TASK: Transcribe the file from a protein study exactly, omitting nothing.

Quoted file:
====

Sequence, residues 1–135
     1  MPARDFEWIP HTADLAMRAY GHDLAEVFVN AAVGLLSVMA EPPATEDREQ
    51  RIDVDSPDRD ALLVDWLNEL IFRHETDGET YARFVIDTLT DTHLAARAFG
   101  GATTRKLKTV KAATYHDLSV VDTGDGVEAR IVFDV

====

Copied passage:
Sequence, residues 1–135
     1  MPARDFEWIP HTADLAMRAY GHDLAEVFVN AAVGLLSVMA EPPATEDREQ
    51  RIDVDSPDRD ALLVDWLNEL IFRHETDGET YARFVIDTLT DTHLAARAFG
   101  GATTRKLKTV KAATYHDLSV VDTGDGVEAR IVFDV